Eight years ago today I got together with my partner following a house party where we saved a woman from probable death by hypothermia and/or kelpies, much to her chagrin. One year ago yesterday, we got married on a beach in East Lothian. I meant to blog about it then, but time got away from me.


We met at university nearly eleven years ago, through a satirical student paper called The Chihuahua. He was the editor, I was a first time contributor – it was basically His Girl Friday. Except it was nothing like that. Our main interaction was meeting in the pub every few weeks with a group of like-minded nerds, and we’d sit around trying to write something that would make the others laugh. We still do that today, although sometimes we also hold hands now. Jim The Registrar, who married us last May, was giggling so much at our wedding vows that he missed out introducing one of the readings in our ceremony…

Since we’ve been together, we’ve continued to write, although we’ve gone in different directions. He works as a freelance journalist but has also written for radio and theatre, written sketches and stand up comedy, and in recent years has turned to poetry. I’ve stuck mainly to journalism, short stories and novels. Our very particular set of skills meant that when we decided to get married, there was no way in hell we could afford to spend £12,000 (allegedly the UK average) on a big wedding. Neither would we want to.

Initially when we thought about what we would do in an ideal financial situation (ie one where neither of us was a writer, living on a salary of goodwill and rejection slips), we thought we would go back to St Andrews, where we met. This proved to be outwith our budget, so we downsized to East Lothian, which is nearer to where we live, and more reasonably priced.

6. Beano hearts

We got married on the beach underneath an archway decorated with paper hearts cut from old copies of the Beano, a comic we both read as kids. Traditional Scottish weddings tend to have a bagpiper on hand to play the bridal party in, but we opted to give each of our guests a kazoo instead. They piped the bridesmaids down the aisle to the Jurassic Park theme, seamlessly segueing into The Final Countdown for me. We exchanged vows, had two readings (part of Letters to a Young Poet by Ranier Rilke and A Vow by Wendy Cope), and did our best not to get fountain pen on us. Jim The Registrar was very clear on that point – it doesn’t wash out, you know.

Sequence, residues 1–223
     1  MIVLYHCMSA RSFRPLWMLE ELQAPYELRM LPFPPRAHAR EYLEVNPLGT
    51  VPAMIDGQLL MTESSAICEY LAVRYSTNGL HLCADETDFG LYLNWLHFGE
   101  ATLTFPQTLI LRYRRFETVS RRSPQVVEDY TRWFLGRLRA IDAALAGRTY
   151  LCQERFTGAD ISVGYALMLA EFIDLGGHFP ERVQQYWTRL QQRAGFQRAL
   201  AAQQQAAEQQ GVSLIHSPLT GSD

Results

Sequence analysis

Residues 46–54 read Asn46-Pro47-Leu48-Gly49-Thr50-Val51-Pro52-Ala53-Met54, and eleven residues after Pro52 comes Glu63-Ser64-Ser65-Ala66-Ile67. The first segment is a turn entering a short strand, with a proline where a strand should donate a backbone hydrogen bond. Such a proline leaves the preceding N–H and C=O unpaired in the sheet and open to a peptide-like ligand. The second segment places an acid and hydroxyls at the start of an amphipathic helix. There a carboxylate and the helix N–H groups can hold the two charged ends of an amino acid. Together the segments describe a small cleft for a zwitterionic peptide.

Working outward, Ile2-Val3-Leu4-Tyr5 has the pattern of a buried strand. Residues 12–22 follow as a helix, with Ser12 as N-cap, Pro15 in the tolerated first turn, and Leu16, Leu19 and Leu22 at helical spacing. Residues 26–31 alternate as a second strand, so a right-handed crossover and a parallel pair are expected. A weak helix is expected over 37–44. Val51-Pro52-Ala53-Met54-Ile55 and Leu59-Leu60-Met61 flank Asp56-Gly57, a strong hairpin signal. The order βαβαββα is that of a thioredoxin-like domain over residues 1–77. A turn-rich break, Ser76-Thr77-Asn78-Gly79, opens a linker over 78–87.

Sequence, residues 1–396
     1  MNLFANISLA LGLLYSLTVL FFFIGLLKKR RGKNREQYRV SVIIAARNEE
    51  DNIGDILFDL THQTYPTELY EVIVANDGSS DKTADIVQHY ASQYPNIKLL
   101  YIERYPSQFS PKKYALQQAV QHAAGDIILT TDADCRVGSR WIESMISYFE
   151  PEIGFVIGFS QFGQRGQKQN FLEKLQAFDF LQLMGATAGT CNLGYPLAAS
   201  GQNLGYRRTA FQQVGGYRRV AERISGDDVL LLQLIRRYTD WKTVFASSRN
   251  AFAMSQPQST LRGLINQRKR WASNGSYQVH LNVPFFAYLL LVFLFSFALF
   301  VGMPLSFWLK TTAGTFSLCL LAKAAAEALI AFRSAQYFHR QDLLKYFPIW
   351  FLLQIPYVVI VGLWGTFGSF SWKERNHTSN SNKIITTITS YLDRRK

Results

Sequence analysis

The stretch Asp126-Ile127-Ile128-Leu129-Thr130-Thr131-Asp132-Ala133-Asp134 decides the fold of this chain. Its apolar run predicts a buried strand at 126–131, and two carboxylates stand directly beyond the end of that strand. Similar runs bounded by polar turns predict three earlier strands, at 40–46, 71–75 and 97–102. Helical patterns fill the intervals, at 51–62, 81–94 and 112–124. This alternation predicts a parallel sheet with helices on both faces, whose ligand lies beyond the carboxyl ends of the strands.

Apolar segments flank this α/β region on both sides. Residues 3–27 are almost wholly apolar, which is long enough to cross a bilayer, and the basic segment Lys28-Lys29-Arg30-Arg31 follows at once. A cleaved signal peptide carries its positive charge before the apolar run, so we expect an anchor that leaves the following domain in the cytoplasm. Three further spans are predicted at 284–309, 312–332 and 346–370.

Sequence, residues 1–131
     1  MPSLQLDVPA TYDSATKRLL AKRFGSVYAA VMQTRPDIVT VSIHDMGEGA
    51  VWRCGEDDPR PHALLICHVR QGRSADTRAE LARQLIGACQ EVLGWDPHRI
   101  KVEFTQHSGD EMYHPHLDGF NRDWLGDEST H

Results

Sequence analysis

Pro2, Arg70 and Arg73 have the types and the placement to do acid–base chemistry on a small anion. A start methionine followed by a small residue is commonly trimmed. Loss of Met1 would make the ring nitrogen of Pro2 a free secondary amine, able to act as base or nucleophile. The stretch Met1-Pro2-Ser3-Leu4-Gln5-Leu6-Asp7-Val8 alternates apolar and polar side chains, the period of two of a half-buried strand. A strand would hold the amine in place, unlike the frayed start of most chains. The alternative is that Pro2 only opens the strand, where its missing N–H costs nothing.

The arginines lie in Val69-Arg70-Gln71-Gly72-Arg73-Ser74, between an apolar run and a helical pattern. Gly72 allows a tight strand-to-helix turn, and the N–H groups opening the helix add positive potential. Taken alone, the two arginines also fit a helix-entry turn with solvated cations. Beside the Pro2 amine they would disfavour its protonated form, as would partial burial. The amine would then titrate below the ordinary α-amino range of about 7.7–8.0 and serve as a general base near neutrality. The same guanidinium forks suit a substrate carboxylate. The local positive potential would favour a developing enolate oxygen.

We wanted to make the wedding reflective of us, so there were nods to our shared interests of writing and comics, to his love of Doctor Who, and my fondness for bright colours. We couldn’t have done it without lashings of help from family and friends – both in the run up and on the day itself.

Stuff we couldn’t have done without help:

  •  The venue – we had the wedding at Harvest Moon, which is a glamping campsite. The deal is you get the whole place to yourself for the weekend, including space to pitch your reception marquee (or yurt, in our case), if you can fill their six luxury tents with guests. Without friends and family agreeing to come and stay, we couldn’t have got married where we did. Thanks everyone!
  • The Dress – in an attempt to be ruthless about a dress I’d likely never wear again, I gave myself a budget of about £100. This was however quite limiting, as you’ll know if you’ve ever tried to buy a fancy dress… So, my sister organised my friends to all contribute and they gave me a voucher towards it for Christmas. This meant I was able to spend a bit more on a customised one from Honeypie Boutique.
  • The cake – rather than a traditional wedding cake, we had rainbow cupcakes made by myself, my mum, his mum and my brother.
  • The flowers were hand made from book pages by myself and a host of friends and family. This resulted in at least one hot glue injury.
  • The music – my sister, who works in theatre, borrowed a PA system from a local theatre company (thanks Catherine Wheels!) and we got our friends to come up with playlists so they could each do a set on the iPod.
  • The Decorations – We marked the path from the campsite to the ceremony with signposts hand made by my sister, garden arches decorated with book page bunting (my sister made the bunting, friends applied it), and stripy scarves knitted by me. I also made sequinned table runners in rainbow colours, and the table decorations were jars and beer bottles with the labels removed and replaced with pages from fairytales.
  • The Honeymoon – we couldn’t afford one, so rather than having a gift list we asked for donations. Our friends and family were incredibly generous, and we got to go to New York in the autumn. It was amazing.

So essentially, when writers wed, they call in all the favours they can. Or at least, that’s how we did it.

My now-husband said something in his speech that might resonate if you regard yourself as a typically introverted writer. He said, ‘Ali and I sometimes have a tendency to think that it’s just us against the world. But seeing you all here today to support us, having you help along the way, just goes to show that’s really not the case.’

PS more photos are available on Carley Buick’s blog.  She is very good.